According to new research published today in the American Heart Association, older adults taking blood pressure-lowering drugs known to cross the blood-brain barrier remembered memory better than those taking other types of medications to treat high blood pressure. . Hypertension.
High blood pressure, or hypertension, is a risk factor cognitive decline and dementia older adults. Nearly half of American adults have high blood pressure. Treatment high blood pressure with drugs that lower blood pressure reduced cases of mild cognitive impairment by 19% in a large trial (SPRINT MIND).
ACE inhibitors, angiotensin II receiver blockers (ARB), calcium channel blockers and diuretics are different kinds of medications to lower blood pressure. Each class acts differently to lower blood pressure and some cross the blood-brain barrier, thus affecting cognitive function.
“Research has been mixed on which drugs have the most benefits for cognition,” said study author Daniel A. Nation, Ph.D., an associate professor of psychological sciences at the Institute for Cognitive Sciences. memory impairments and neurological disorders at the University of California, Irvine. “Studies on angiotensin II receptor blockers and angiotensin converting enzyme (ACE) inhibitors have suggested that these drugs may confer the greatest benefit to long-term cognition, while other studies have shown the benefits of calcium channel blockers and diuretics to reduce the risk of dementia “.
This is the first meta-analysis comparing the potential impact over time of drugs that lower blood pressure and those that do not cross the blood-brain barrier. Medications were evaluated for their effects in several cognitive domains, including attention, language, verbal memory, learning, and memory.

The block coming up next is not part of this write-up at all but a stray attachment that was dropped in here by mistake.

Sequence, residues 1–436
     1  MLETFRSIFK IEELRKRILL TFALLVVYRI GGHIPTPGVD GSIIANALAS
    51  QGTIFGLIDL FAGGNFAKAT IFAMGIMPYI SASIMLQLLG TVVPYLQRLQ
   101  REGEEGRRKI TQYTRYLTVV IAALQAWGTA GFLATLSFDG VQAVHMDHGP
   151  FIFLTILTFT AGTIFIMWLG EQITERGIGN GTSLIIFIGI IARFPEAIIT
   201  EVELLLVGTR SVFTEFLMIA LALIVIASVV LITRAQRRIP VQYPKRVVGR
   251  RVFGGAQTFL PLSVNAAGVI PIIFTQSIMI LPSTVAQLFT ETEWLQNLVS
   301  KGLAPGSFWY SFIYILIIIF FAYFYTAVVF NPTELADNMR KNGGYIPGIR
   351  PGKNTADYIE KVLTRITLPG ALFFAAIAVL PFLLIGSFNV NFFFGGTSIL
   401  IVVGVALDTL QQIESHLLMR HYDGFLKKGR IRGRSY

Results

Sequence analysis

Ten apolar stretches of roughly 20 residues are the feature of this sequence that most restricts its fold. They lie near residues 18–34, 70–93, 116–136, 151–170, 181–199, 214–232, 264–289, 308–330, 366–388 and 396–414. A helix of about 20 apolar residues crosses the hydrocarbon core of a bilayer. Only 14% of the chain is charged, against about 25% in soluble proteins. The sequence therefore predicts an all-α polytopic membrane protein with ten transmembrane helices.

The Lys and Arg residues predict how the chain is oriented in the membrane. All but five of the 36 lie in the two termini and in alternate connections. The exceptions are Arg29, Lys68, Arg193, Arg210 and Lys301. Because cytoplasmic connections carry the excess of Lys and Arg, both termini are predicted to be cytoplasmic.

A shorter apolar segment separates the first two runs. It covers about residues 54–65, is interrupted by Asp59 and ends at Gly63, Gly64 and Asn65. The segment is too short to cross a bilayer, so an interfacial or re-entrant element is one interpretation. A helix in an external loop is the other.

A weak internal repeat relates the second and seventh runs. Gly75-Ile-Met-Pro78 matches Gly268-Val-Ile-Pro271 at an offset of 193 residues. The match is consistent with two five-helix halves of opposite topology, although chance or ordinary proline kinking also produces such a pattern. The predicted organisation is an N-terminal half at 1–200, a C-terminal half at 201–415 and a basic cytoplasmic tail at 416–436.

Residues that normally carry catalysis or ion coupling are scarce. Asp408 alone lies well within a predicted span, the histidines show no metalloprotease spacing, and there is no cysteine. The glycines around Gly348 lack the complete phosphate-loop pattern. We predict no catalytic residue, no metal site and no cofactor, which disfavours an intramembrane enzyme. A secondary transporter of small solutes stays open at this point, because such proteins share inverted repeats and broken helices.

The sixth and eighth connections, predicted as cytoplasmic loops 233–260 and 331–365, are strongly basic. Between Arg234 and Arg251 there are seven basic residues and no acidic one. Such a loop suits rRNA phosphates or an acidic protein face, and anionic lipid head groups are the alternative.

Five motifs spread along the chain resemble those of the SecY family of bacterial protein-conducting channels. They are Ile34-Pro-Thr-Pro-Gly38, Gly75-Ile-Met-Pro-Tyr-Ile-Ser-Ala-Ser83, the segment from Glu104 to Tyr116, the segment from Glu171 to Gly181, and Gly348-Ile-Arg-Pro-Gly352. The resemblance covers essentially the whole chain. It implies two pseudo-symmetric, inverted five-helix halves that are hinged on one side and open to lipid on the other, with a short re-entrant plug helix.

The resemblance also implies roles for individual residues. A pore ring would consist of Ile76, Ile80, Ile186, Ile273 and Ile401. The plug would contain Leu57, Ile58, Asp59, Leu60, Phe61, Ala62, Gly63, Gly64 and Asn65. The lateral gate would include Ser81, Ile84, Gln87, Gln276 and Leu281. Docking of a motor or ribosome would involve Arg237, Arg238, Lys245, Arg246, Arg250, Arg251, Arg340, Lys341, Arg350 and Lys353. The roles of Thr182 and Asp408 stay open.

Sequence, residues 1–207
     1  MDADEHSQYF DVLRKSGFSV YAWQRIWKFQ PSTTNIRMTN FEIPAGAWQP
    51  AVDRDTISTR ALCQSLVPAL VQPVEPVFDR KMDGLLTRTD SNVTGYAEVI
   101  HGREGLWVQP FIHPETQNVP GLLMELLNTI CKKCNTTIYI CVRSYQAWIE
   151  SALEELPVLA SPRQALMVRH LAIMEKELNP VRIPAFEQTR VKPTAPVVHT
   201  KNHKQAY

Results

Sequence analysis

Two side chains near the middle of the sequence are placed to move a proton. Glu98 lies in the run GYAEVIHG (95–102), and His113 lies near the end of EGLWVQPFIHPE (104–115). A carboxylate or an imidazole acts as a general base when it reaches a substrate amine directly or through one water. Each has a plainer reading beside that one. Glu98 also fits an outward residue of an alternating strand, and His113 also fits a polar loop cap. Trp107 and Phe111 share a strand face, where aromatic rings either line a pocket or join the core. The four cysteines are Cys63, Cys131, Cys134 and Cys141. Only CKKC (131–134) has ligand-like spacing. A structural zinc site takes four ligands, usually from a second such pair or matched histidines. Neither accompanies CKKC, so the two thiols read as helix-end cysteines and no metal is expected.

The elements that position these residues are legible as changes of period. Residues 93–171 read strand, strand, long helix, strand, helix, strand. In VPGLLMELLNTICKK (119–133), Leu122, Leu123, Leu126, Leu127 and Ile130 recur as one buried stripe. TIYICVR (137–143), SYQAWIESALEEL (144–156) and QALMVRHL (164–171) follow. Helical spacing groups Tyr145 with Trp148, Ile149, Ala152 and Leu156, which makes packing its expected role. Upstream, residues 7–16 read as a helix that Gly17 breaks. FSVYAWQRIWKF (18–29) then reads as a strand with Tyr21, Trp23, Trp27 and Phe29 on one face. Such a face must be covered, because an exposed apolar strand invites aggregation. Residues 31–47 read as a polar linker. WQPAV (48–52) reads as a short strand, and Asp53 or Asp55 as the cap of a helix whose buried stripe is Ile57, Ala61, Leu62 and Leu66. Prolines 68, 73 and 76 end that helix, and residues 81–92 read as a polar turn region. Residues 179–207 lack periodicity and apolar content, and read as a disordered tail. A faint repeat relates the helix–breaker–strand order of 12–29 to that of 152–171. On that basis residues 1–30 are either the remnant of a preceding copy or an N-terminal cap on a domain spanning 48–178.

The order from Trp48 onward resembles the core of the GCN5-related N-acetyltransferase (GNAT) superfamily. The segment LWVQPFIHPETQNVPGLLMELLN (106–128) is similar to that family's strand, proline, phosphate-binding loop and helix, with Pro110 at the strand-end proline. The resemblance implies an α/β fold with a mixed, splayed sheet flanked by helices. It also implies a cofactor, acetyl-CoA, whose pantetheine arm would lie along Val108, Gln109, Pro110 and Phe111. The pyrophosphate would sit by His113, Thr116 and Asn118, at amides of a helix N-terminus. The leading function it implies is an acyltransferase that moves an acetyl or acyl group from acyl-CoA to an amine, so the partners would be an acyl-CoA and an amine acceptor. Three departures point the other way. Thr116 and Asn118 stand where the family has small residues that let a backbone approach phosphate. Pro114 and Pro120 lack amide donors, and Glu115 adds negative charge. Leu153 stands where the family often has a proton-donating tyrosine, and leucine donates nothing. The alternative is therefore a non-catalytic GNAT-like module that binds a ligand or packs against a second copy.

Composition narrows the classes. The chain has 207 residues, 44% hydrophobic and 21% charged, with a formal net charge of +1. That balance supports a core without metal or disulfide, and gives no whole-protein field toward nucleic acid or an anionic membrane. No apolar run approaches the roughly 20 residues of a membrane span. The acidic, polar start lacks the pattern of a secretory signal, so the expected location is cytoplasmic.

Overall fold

“Hypertension occurs decades before the onset of dementia symptoms, which affect blood flow not only to the body but also to the brain,” Nation said. “The treatment of hypertension is likely to have long-term beneficial effects on brain health and cognitive function later on.”
The researchers collected information from 14 studies of about 12,900 adults aged 50 or older. These included studies done in the United States, Australia, Canada, Germany, Ireland, and Japan. The meta-analysis found:
- Older adults taking blood pressure-lowering drugs that crossed the blood-brain barrier had a better memory record for up to 3 years of follow-up compared with those taking drugs that did not cross the blood-brain barrier even though they had a higher level. other vascular risk.
- Adults taking antihypertensive drugs that did not cross the blood-brain barrier had better care during a follow-up of up to 3 years.
“These findings represent the most powerful evidence to date that links brain-penetrating ACE inhibitors and angiotensin receptor blockers with better memory. It suggests that people who are being treated for hypertension may be protected against cognitive impairment if they have drugs that cross their blood. brain barrier, “said study co-author Jean K. Ho, Ph.D., a postdoctoral fellow at the University of California, Irvine.
Blood pressure is considered to be elevated to 120/80 mm Hg and above. The current Guidelines of the American Heart Association / American College of Cardiology for the treatment of high blood pressure, changes in diet and activity levels are suggested to lower blood pressure and add medications to lower blood pressure for people with levels of 130/80 mm Hg or higher depending on the your risk status. If blood pressure reaches 140/90 mm Hg, a medication to lower blood pressure is recommended.
The limitations of this analysis are that the authors could not explain the differences in racial /ethnic background according to available studies, and there is a higher proportion of men and women in the group who took medications that crossed the blood-brain barrier. This is an important area of future research, as previous studies have shown that people from diverse ethnic or racial backgrounds may respond differently to blood pressure medications.
Hypertension (2021). DOI: 10.1161 / HYPERTENSIONAHA.121.17049
American Heart Association
Citation: Some Medications to Lower Blood Pressure Related to Decreased Memory in Older Adults (2021, June 21) Retrieved June 21, 2021 at https://medicalxpress.com/news/2021-06-blood-pressure -lowering-meds-linked- memory.html
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